Manitoba government and the Treaty Relations Commission of Manitoba
said Tuesday it's time for both non-aboriginal and First Nations students
to learn about each other, starting with the treaties that form the
basis of Manitoba's history.
Pilot project started in 2010,
K - 4 ready for province-wide roll out, says province
The Treaty Education Initiative, first introduced as a pilot
project for Grades 5 to 6 in 2010, then Grades K to 4 in 2012-2013
and Grades 7 to 12 last year, will now be rolled out province-wide.
"At its core, the TEI gets students learning and talking about
how the Treaties form the very foundation of who we are as a province
and as citizens with ongoing responsibilities to each other," said
Manitoba Education minister James Allum in a news release.
Manitoba's Treaty Relations Commissioner, James Wilson said
the TEI quickly changed from a pilot project to a means for both
First Nations students and others to learn about each other.
"First Nations students were just as anxious to learn more about
their own history as non-Aboriginal students were to learn more
about First Nations," Wilson said in a statement.
Goal is to change stereotypical thinking
The mandate of the commission is to educate Manitobans about
the treaties and foster dialogue and understanding.
The hope is that educating students about the treaties will
improve the relationship between aboriginal and non-aboriginal students
and change "stereotypical thinking."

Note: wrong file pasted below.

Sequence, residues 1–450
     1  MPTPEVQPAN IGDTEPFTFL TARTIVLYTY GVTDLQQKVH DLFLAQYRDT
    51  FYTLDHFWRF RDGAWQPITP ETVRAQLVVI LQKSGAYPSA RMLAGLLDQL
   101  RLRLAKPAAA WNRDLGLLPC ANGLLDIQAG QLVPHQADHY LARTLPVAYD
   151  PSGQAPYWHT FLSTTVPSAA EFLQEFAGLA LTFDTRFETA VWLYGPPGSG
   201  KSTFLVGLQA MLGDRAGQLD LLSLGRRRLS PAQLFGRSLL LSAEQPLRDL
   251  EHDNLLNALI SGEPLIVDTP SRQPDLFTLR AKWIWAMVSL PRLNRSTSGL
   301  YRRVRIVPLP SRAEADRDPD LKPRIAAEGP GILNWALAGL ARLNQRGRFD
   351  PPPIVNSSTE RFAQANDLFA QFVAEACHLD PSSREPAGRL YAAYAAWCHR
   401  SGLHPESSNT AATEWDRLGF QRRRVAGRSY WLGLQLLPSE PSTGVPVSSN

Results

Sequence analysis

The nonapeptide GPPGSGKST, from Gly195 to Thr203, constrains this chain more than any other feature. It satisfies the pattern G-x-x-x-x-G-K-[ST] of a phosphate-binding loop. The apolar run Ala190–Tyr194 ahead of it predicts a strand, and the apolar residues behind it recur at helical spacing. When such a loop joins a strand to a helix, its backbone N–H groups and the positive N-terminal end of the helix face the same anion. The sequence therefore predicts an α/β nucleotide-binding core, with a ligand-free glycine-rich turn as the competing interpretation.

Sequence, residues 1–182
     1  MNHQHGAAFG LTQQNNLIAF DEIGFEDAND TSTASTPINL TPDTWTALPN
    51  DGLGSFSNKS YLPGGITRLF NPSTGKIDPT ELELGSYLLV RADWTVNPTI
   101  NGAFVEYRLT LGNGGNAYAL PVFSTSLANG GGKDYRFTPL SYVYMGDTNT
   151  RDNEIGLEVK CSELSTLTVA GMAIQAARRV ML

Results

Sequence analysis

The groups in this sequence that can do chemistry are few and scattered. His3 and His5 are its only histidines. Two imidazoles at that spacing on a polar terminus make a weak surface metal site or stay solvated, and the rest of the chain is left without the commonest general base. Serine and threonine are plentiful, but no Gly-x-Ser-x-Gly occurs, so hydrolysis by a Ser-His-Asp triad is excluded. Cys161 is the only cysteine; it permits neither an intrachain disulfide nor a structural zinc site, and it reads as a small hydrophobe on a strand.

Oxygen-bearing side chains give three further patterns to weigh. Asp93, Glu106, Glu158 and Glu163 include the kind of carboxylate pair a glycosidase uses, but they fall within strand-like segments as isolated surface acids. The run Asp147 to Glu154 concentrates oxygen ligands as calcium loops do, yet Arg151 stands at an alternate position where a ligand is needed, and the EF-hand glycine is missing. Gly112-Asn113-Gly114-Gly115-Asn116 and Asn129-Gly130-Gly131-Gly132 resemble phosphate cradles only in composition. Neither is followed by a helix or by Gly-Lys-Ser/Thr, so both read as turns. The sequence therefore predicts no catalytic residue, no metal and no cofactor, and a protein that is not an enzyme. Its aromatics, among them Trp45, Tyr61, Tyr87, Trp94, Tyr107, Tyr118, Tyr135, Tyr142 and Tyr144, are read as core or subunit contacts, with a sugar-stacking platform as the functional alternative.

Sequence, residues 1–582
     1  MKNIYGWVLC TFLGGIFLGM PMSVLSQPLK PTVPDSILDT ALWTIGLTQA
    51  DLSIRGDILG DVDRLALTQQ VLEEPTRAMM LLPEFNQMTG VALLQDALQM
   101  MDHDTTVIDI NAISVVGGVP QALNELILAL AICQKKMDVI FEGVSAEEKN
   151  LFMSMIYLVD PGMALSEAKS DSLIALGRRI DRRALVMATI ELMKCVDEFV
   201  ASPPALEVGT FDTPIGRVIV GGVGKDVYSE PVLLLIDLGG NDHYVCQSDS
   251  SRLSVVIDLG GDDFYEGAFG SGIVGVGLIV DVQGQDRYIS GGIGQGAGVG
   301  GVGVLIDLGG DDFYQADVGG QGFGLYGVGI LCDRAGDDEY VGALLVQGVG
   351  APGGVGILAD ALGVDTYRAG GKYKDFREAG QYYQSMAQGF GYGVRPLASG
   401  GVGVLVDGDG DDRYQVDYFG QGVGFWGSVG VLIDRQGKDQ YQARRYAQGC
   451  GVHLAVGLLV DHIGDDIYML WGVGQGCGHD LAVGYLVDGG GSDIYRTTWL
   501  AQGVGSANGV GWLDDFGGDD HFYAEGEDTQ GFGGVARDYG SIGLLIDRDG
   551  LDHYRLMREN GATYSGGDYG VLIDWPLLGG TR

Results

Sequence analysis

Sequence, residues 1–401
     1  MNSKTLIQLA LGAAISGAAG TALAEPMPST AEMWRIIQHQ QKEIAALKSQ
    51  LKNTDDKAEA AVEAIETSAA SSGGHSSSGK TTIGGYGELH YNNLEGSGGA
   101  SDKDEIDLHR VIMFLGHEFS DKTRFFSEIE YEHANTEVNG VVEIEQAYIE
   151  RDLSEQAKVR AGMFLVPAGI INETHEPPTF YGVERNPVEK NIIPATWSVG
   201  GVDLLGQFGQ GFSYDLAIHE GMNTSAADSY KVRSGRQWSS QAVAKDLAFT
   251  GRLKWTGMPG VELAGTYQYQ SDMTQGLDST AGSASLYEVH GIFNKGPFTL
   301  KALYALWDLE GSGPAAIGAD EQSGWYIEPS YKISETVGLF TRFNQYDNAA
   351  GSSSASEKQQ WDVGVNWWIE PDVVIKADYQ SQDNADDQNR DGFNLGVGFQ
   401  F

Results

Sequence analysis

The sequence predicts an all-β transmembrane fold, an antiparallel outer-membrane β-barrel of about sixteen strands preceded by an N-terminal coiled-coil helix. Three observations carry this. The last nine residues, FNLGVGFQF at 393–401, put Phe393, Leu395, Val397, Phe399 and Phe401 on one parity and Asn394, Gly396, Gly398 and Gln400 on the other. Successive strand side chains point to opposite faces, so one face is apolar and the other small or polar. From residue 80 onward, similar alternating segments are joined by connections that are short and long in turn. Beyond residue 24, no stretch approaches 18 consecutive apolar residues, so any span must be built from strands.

The TRCM already offers a series of two-day in-service sessions
Officials said eventually, "all Manitoba students should be
expected to demonstrate knowledge of the topics, concepts and understandings
of the treaties and the treaty relationship by the end of Grade
Wilson said teachers who participated in the pilots were found
it was easy to bring discussion of the treaties into courses from
math to art and history.
"In turn, this opened doors to discussions that built upon the
Treaties such as residential schools, traditions, and customs and
gave students greater context in understanding issues like the court
action over Kapyong Barracks and the Idle No More movement."
Wilson said Treaties are the most important documents Canadians
have ever put their names to, yet many do not understand them.
"Within a decade, I believe we'll look back on the TEI as a
critical step in strengthening the Treaty Relationship between both
original signatory communities," he said.
resources on treaties 'incredibly valuable'
Kamal Dhillon, a student teacher at St. John's High School,
said she's thrilled with the educational workbooks and textbooks
the province has put together.
Dhillon said the information is incredibly valuable.
"I know that treaties involve a complex and complicated relationship
between First Nations people in Canada and the government of Canada,"
she said. "And it's that relationship that we need to explore and
The learning starts this week. Dhillon said it's not a moment
"There's so many different sources out there, with so many different,
conflicting pieces of information. To have a kit at your fingertips
that has been sanctioned by people who know so much about the topic
and to say, 'These are the most important resources that you can
explain to your students.'"
She hopes other teachers feel the same excitement she does in
teaching the new material.
"This is an opportunity that I think all teachers should take
advantage of. It's been laid out so clearly for us and I think it's
a really important topic that students today need to be aware of."
11 students at Kelvin High School learn about Treaty 5 through
role playing. (Raymond Sokalski)